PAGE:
Big Questions from Cantor Race
Non-Republican voters may not have carried the day for David Brat’s victory against Eric Cantor in Virginia’s 7th District, but were they a factor? The Huffington Post published an open letter from former congressman Ben “Cooter” Jones days before the primary urging Democrats, libertarians, and Independents to take advantage of the open primary and exercise their right to vote. Was Cooter’s silly get-out- the-vote call taken seriously?
Now with the scoop coming from the left that Brat will be easier to beat in the fall than Cantor, it appears that something is going on. Brat’s colleague, Randolph-Macon Sociology Professor Jack Trammel, is in the race, and some Democrats along with hard-left radicals are gearing up for a fight.
Interestingly, Trammel got in just under the wire. Up until June 8, there was no Democrat on the ballot for the VA 7th District in November, so whoever won the Republican primary on June 10 would represent the 7th in Congress for the next two years.
Trammel looks to be a viable candidate; he’s written a slew of books, and even Brat said he was “a good guy.” Still, we are a Republican/conservative district, which makes a Democrat win in November nearly as implausible as Cantor’s defeat.
NBC and its spin doctors must be looking to November as well. In a rundown on the Cantor loss, they called us a “left-leaning” district and said there was a “low turnout,” both of which are so easily disproved I have to wonder why they printed either. We are a majority-Republican bloc, and there was a 28% increase in turnout from 2012. Seems that not only has the Cantor-Brat race energized the Tea Party, but it has the leftists excited and confused as well.
In addition to liberal NBC, radical Maoist and Obama pal Mike Klonsky, who warned Cantor in January that he could end up like former Virginia Governor Bob McDonnell, has come out with his take on the House Majority leader’s unexpected demise. Klonsky’s blog may not get much traffic, but his over-the-top musings have an eerie way of coming true.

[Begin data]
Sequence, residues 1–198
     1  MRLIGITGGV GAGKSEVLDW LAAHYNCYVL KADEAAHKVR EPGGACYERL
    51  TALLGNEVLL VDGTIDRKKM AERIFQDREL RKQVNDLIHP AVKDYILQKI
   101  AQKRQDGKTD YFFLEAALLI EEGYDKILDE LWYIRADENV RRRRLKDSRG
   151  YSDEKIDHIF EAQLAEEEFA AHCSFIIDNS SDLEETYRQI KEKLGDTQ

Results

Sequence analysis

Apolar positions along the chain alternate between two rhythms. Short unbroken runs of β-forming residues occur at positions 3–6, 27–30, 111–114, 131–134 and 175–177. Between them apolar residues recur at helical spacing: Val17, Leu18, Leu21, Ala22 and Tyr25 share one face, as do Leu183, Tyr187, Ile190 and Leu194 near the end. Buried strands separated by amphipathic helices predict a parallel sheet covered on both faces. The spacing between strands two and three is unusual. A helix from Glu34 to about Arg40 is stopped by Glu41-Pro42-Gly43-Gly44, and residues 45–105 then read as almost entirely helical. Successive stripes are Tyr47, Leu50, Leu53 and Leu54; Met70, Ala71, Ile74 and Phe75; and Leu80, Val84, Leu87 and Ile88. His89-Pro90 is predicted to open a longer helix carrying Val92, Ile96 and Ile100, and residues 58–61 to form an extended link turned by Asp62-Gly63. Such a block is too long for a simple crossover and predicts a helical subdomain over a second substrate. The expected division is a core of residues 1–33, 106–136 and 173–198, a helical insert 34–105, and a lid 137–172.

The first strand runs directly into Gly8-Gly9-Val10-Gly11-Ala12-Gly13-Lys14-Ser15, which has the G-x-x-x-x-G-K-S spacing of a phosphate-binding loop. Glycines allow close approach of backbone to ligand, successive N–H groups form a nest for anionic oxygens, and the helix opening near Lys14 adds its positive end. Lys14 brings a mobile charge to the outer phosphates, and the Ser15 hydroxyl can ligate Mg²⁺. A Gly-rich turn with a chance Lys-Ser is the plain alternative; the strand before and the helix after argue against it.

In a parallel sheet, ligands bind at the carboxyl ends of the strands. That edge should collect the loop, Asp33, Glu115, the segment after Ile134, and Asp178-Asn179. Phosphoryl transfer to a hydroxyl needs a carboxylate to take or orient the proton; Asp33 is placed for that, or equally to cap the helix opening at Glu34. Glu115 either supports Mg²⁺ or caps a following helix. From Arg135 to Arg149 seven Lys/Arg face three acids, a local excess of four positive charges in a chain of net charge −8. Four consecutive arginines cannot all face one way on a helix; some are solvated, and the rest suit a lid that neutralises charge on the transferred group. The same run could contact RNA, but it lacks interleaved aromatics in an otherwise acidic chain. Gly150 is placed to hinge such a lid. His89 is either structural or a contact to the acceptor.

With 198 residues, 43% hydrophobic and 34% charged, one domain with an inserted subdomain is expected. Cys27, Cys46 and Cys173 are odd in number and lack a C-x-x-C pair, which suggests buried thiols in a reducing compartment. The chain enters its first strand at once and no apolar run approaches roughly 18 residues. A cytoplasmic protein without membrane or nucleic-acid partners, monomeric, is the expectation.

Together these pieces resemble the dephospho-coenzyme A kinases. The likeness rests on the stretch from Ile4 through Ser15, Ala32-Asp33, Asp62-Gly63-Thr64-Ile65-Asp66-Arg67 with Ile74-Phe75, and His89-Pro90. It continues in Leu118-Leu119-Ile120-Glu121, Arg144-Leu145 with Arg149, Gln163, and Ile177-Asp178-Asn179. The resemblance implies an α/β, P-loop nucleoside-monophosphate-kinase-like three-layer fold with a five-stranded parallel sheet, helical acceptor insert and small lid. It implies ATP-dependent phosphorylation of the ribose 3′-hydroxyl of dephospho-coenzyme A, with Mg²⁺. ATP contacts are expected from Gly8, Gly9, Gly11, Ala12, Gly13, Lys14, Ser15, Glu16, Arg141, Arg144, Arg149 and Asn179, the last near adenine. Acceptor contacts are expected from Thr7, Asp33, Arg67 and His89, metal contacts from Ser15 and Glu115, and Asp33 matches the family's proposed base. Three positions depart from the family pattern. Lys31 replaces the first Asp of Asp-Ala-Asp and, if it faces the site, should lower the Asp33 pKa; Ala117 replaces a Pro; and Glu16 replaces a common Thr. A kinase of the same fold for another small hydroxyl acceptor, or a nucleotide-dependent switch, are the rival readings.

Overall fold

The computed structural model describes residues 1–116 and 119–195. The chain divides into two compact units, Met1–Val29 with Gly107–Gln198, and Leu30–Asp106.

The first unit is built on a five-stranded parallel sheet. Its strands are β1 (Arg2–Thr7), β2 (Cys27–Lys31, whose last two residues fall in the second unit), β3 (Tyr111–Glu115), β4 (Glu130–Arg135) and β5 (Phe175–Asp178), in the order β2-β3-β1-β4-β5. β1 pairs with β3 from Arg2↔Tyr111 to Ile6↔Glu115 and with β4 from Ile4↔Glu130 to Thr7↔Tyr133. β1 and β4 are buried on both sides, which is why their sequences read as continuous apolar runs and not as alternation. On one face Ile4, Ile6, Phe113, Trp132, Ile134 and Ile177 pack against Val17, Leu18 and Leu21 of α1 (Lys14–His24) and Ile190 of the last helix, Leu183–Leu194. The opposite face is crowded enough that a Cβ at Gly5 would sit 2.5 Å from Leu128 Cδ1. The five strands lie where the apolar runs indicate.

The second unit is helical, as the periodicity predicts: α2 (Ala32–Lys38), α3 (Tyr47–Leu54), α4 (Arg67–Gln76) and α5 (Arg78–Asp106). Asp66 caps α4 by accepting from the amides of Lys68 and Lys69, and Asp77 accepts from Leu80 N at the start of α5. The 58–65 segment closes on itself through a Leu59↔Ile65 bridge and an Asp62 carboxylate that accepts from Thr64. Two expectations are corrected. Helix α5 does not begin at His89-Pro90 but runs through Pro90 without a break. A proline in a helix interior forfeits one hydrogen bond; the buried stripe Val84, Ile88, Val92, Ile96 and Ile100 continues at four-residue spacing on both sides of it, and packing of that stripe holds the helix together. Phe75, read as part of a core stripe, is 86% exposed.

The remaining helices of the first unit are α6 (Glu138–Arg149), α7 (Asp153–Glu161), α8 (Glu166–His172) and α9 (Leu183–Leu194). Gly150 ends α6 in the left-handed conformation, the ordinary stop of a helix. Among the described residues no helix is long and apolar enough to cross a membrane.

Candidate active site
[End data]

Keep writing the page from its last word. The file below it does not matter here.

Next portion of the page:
From Small Talk Blog:
Cantor's defeat could open new possibilities for Democratic candidates to make inroads in red Tea Party states. But unlike the Tea Party, an independent, Democratic movement can't be a white one organizationally or ideologically, and must have labor out in front. Neither can it be just a progressive tail on a Democratic Party dog.
Klonsky is a little sad that he won’t have Cantor to kick around anymore, but he has more than enough on his plate with the Tea Party. Likening Cantor to the “two nazi crazies who murdered two cops in Las Vegas after coming off the Bundy ranch,” Klonsky writes, "I guess Cantor’s revolutionary days are just about over.”
It's too bad, in a way. Cantor was one of my favorite foils here at Small Talk…While it was only one low turn-out primary in one state (Lindsey Graham beat T-baggers easily in S.C.), it demonstrates the potential power and discipline of the gun-toting racists and anti-government, anti-abortion, anti-gay, and anti-immigrant groups, who have been encouraged by recent perceived victories, court decisions, and the Obama administration's retreat in its confrontation with Bundy’s racist militia.
The takeaway from all of this? In the age of Obama, anything is possible, so nothing should be off the table – not even the radical, hate-filled ramblings of an Obama insider like Klonsky. Bizarre things are happening. Pope Benedict XVI was the first pope to resign in 500 years, and now Congressman Eric Cantor has become the first sitting majority leader to lose an election since 1899.